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Like Academics, Should School Sports be Open to All? Study Finds Lifelong Benefits of Athletics

Updated on May 29, 2015

Should Students be Given Open Access to School Sports?

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Given the Benefits, Can We Deny Sports to Teens?

I was a nerd in high school. I was short, pudgy, myopic, and asthmatic. At the time, my sophomore year, I thought I wanted to go to college at the U.S. Military Academy at West Point. To get in, I figured I needed to prove that I had brawn as well as brains. Having played soccer in youth leagues and on a private school team in fifth and sixth grades, I thought I had a chance of getting a varsity letter at my 5A public high school team.

Oh, how wrong I was! It did not take long for the head coach to tell me, bluntly, that I would not make the team. Then, confirming my stereotype as a nerd, he offered me the position of team videographer/manager. Upset, I never went to another practice and did not try out for the team. In the spring, I finished out my physical fitness credit by taking track. Needless to say, I did not try out for track, either. I asked the coach what would happen if I couldn't run the mile in the time he stated. "Then you shouldn't be here," was his response.

As a high school teacher, I cannot imagine the controversy that would erupt if I dared tell a student that he or she was not capable, or worthy, of doing something. In the classroom, nobody fails to "make the team." Nobody is told that they "shouldn't be here." Teachers are instructed to keep everyone passing and to make mission.

It says a lot that we demand excellence in athletics but turn a blind eye to student apathy, disrespect, and rampant grade inflation. Purity of sport is sacrosanct, but academic performance is a "meh." A college athlete caught doping or cheating during a match would be reviled and condemned. A college student caught cheating on a classroom test would, today, be given a veritable slap on the wrist.

I assume that much of the unequal treatment of academics and athletics springs from the idea that academics are necessary and athletics are supplemental. All kids need academics, but not all kids need sports. We can, therefore, bar kids from sports but not from the classroom. Despite strains of anti-intellectualism, our society champions the notion that education is a must for career success. We must do everything we can to keep teenagers on this path to career success. Sports are exciting, thrilling, but ultimately of little importance, right?

New research suggests the opposite. According to TIME, a recently-published study in the Journal of Leadership & Organizational Studies determined that being a high school athlete afforded on lifelong benefits in "leadership, self-confidence, and self-respect." The stereotype of the high school jock being relegated to low-wage jobs and reporting to the high school nerd, who is now the boss, is not nearly as accurate as we once thought. It turns out that being an athlete helps you become a competent, sociable leader.

Certainly, this fits with research indicating that height, good looks, and confidence help people earn considerably bigger paychecks. We prefer our bosses and leaders to be tall, attractive, and confident. Athletes tend to be taller, more physically fit, and more confident than geeks. For better or worse, it looks like the prom king stays king.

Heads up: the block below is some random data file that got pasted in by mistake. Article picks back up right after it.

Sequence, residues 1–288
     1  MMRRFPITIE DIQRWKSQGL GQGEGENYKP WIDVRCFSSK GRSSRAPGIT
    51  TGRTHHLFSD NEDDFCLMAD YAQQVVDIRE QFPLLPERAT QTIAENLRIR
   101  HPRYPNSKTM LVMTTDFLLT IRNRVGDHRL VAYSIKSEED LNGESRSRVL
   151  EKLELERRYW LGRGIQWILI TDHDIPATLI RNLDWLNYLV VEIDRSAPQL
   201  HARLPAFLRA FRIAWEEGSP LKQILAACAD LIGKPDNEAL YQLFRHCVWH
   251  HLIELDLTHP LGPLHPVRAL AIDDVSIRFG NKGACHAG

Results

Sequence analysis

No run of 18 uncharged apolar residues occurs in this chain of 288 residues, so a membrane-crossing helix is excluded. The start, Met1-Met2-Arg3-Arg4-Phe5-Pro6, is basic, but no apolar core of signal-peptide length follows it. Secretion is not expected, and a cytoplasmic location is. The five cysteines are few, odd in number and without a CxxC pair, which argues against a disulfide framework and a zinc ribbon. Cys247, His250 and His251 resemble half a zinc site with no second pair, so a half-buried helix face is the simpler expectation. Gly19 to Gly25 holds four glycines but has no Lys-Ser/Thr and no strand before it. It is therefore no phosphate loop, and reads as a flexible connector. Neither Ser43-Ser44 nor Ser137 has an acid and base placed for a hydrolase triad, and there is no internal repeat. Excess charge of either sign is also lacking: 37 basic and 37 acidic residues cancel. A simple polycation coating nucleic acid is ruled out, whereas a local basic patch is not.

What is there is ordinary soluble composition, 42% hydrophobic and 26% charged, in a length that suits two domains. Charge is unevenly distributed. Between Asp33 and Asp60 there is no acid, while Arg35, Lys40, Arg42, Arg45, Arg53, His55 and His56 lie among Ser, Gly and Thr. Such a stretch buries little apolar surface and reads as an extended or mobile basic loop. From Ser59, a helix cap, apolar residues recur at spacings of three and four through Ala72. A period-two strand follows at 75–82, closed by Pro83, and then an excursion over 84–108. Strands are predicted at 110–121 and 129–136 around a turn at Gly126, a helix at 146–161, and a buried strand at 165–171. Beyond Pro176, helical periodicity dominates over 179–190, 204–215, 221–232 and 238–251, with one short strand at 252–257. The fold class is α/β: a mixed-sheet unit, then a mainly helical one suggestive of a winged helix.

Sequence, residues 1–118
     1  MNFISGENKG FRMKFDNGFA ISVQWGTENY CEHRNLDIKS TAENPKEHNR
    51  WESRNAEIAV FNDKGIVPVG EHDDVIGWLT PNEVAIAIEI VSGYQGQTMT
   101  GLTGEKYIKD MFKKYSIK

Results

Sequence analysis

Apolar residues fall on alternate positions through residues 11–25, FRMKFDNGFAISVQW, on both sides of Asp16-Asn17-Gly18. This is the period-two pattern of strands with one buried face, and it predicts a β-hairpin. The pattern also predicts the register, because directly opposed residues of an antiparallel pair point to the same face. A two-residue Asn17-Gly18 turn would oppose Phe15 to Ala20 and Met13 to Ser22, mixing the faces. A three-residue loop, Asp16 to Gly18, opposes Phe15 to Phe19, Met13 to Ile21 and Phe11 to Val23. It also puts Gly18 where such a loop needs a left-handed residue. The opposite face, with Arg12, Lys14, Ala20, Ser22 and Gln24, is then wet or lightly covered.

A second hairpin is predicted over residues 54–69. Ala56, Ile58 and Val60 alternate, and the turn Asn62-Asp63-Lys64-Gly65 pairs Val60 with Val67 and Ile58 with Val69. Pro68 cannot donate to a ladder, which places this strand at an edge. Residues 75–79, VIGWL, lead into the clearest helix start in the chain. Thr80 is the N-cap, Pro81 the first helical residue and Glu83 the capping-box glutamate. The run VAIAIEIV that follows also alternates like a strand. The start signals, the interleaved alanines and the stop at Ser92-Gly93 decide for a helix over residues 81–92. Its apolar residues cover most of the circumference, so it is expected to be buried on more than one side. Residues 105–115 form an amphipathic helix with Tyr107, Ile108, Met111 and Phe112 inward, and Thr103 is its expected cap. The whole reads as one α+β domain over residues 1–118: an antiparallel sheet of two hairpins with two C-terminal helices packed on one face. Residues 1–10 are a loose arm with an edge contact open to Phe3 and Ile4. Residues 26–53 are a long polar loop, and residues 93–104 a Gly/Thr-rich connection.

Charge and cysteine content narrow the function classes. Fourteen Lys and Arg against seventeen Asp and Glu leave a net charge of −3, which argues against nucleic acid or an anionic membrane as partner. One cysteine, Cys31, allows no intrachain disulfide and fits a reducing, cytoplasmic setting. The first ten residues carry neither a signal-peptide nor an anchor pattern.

Given this data, should more be done to help all young people achieve this leadership ability, self-confidence, and self-respect? Should all young people be given access to the sports field as well as the classroom? Is it fair to have tryouts for public school sports teams that automatically cut teens from rosters? At the very least, shouldn't all students have the ability to be on the team and work toward becoming starting players?

We have encouraged grade inflation in the classroom on the grounds that the classroom is what matters and nobody should be denied a diploma or a degree. But now that we know that sports have a similarly important role in student development and success, do we need to change our thinking? Is it the competition and high stakes of athletics that helps make student-athletes better, more confident leaders? Might students' classroom performance improve if success was not automatically guaranteed?

Should we make the classroom more like sports...or sports more like the classroom? Either way you slice it, it is undeniable that we can no longer view one as a necessity to which students have an inalienable right and one as a luxury which is fair to grant only to the genetically blessed.


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    • lions44 profile image

      CJ Kelly 

      3 years ago from Auburn, WA

      Totally agree with your conclusions. Sports is so important for self-esteem and just learning how to deal with disappointment as well as physical pain. This trend over the past 20 years of elite travel teams and recruiting of 8th graders has gotten ridiculous. Football is the only sport now where you can enter high school and have a reasonable chance of getting on the team without jumping through the proverbial hoops for several years . I would make sports (and any activity) mandatory for graduation. Two semesters (or 3 qtrs. depending on the district). That would require an infusion of state funding because so many parents can't afford it. But if we want kids to stay out of trouble, this is one way to do it. Voted up and shared.

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